Real Invisibility Cloak Takes Advantage of Mirage Effect
Have you ever driven down a long highway on a hot day and seen something disappear in the distance only as you get closer? Well, it was likely a mirage, and those tricky instances have tempted and tortured more than one lone wanderer in the desert.
Now, a team of researchers at the University of Dallas in Texas have taken advantage of the mirage to create an “invisibility cloak.” The cloak is said to have the ability to hide objects from one’s view. It is also claimed to work best underwater and has an instant “on” and “off” function.
How did they use the mirage? Well, first you must have a basic understanding of how a mirage works. A mirage takes place when there is a big difference in temperature over a small distance which bends light rays. These rays are seen by the eye rather than bouncing off the surface. For example, if you are in a desert and you see a pool of blue water, you are only seeing the blue sky being redirected from the warm ground into your eyes.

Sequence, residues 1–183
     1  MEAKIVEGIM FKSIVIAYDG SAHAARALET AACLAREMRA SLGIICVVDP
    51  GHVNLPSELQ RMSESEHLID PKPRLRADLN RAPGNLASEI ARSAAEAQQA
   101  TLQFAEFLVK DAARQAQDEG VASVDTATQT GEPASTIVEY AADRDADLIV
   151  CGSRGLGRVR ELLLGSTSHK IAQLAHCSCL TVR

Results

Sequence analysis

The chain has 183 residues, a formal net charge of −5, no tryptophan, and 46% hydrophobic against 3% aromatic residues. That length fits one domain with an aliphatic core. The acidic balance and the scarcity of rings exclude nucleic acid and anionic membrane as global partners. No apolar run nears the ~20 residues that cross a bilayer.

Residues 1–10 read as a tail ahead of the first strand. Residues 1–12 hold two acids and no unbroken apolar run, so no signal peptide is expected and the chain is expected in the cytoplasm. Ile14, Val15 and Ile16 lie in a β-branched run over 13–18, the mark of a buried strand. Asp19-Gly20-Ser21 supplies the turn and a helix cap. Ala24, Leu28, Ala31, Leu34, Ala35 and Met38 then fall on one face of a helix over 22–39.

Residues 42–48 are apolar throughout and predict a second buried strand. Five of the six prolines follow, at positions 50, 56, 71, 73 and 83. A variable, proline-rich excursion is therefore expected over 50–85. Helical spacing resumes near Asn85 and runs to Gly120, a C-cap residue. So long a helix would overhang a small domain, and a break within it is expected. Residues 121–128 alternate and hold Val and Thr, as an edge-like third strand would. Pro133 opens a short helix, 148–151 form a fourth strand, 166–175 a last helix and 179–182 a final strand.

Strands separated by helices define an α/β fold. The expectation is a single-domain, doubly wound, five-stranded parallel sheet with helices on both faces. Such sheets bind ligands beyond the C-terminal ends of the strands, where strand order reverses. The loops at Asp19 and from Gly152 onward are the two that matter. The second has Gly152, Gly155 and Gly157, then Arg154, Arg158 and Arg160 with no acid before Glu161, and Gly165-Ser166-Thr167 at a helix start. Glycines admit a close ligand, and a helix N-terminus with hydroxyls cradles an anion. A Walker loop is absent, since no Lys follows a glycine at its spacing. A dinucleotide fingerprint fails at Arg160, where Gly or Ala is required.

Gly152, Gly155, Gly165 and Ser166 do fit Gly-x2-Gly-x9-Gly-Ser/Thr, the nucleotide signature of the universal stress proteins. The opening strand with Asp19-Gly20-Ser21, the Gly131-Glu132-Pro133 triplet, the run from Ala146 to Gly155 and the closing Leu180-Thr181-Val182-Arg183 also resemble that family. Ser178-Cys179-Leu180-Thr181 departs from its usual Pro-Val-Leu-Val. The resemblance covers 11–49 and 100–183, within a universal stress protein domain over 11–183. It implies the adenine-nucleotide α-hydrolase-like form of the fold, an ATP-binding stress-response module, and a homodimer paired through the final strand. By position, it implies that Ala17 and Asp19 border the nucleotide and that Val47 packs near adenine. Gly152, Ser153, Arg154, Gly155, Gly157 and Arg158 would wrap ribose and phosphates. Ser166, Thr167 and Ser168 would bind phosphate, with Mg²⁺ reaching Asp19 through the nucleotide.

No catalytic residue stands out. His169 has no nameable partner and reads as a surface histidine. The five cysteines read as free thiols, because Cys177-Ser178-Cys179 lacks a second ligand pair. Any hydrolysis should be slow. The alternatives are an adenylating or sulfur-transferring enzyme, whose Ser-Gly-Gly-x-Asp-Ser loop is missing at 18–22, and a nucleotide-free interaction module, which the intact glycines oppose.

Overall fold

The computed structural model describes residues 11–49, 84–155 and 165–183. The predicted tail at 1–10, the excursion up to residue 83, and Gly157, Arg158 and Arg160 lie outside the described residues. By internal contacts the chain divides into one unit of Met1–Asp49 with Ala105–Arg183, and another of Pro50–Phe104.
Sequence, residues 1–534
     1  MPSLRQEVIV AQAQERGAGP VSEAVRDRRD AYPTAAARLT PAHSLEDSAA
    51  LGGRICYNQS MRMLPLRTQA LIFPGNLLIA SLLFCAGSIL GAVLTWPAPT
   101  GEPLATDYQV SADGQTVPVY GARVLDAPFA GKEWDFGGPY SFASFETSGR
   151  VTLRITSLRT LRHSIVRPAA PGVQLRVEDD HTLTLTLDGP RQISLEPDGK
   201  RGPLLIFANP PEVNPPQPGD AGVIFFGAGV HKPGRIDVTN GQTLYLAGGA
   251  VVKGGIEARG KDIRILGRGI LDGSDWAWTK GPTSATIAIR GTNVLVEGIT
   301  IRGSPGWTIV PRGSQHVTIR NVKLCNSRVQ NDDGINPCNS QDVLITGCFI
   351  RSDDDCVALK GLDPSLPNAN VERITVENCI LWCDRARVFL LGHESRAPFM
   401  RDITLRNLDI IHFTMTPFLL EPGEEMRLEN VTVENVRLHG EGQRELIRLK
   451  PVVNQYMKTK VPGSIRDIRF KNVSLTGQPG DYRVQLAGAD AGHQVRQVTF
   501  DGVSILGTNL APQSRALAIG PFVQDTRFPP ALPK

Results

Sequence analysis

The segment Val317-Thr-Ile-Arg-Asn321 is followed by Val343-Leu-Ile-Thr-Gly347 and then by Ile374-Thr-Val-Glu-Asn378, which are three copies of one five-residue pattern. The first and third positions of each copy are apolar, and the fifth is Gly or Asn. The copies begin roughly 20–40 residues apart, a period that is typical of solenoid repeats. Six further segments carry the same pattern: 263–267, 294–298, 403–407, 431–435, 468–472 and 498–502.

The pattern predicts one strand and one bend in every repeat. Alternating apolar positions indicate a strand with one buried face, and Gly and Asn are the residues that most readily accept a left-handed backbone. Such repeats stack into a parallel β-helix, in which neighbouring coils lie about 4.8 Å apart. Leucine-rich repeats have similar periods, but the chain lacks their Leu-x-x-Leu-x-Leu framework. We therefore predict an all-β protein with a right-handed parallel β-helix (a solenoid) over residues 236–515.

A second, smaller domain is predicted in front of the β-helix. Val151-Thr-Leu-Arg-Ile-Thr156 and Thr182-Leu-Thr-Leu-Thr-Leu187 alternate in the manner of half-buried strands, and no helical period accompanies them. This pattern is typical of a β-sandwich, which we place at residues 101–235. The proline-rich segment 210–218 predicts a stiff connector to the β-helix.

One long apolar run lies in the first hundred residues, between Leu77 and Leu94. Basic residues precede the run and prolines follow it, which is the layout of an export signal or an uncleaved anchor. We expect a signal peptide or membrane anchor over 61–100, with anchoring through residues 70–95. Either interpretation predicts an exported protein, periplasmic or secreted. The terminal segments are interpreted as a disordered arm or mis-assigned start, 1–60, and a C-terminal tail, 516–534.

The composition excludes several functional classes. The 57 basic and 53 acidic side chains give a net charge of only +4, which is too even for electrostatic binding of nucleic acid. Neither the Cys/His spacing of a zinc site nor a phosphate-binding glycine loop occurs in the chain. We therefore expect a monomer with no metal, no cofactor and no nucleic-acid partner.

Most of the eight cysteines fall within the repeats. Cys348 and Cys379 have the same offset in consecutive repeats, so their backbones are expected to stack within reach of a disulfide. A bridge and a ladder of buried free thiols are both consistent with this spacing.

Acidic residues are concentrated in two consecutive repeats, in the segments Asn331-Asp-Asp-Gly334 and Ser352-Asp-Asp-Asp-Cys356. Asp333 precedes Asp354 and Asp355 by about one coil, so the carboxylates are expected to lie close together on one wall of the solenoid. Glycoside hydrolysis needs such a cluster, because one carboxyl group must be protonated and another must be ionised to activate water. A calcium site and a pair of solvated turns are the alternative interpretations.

The researchers wanted to find a material that can conduct heat and transfer it very fast to its surrounding areas to imitate the mirage effect. They discovered that carbon nanotubes were excellent materials. The nanotubes quickly heat to high temperatures through electrical stimulation and transfer heat to their surroundings, bending the light rays away from the object hidden behind the device. Thus, the object is able to “disappear.” Sounds a bit like how Polar bear fur works.